The Consciousness/Agency Duality

Monday, April 13, 2020

9:00 am -1:00 pm





Fernando Martinez


Massimo Piattelli-Palmarini





Jessica Riskin (Historian of Science, Stanford)


Noam Chomsky (Haury Laureate Professor, University of Arizona)


Massimo Piattelli-Palmarini


Fernando Martinez





A major obstacle to a scientific approach to consciousness is that it cannot be directly observed and, therefore, it cannot be reduced to quantitative traits amenable to be inserted into testable hypotheses. We contend that agency is an observable and measurable trait, which is one of the somatic expressions of consciousness. We define agency as the engagement by a living entity of a series of calibrated activities, the result of which is a non-random situation or occurrence that has the appearance of intentionality. We contend that all forms of agency require a system of consciousness, understood in this case as a continuous awareness of the living entity’s environment.


Unfortunately, as Jessica Riskin has elegantly shown in her comprehensive essay “The Restless Clock: A History of the Centuries-Long Argument over what Makes Living Things Tick”, the concept of agency has been entangled with the philosophical discussions about the machine nature of living entities. The great majority of scientists and philosophers of biology deny the existence of agency, arguing that such concept implies accepting the presence of a ghost or spirit, a homunculus in the case of humans, which is separate from the material nature of living things. We argue that denying agency, which is obvious to any reasonable observer of living things, has dramatically delayed our understanding of perhaps the most fundamental feature of life, i.e., the widespread existence of the consciousness/agency duality.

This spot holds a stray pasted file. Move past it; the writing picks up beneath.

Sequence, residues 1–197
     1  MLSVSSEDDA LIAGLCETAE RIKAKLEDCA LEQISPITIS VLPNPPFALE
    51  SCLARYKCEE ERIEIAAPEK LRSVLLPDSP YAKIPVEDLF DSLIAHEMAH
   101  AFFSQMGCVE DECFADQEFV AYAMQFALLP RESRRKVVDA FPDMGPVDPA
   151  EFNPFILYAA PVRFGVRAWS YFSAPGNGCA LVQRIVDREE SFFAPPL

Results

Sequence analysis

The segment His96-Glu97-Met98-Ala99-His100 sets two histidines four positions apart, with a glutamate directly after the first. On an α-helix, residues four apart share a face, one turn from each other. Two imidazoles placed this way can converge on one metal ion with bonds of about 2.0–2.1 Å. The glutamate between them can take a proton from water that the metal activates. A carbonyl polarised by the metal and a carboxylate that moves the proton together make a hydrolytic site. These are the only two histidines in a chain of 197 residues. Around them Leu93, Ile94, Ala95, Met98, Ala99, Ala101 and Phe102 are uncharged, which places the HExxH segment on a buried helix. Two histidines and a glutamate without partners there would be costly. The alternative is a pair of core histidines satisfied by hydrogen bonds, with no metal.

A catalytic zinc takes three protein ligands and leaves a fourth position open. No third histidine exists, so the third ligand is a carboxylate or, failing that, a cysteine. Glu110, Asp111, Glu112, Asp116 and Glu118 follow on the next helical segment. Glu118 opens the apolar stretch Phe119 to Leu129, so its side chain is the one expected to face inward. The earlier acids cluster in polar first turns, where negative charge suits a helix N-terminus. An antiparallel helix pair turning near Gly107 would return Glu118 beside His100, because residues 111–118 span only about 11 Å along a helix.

Moreover, we argue that agency is the result of complex organizational patterns, starting at the cellular level. In “What is Life”, Schrodinger presented for the first time the idea that the “material of life” was “an aperiodic crystal”, and he identified this crystal with the gene. However, recent evidence suggests that the biophysical nature of the cytoplasm provides a second aperiodic structure, the cytoplasm, which appears to have the characteristics of a transition glass and, in some respect, spin glasses. Transition glasses and spin glasses have indeed an aperiodic and non-random molecular structure in which information can be potentially stored through external influences that could organize the intracellular structure itself. The potential for organs to create distributional patterns for the aperiodic intracellular milieu offers a mechanism for the sensation of self and the development of agency. 


In summary, we propose that modern science needs to abandon the idea that living entities are no more than merely mechanical structures, and that consciousness and agency are illusions generated by the apparent intentionality of such structures, similar to those that sophisticated automata can generate. We contend that no “ghost in the machine” is needed to explain the consciousness/agency duality, and that studies of the biophysical nature of the cytoplasm may help understand the biological nature of the duality.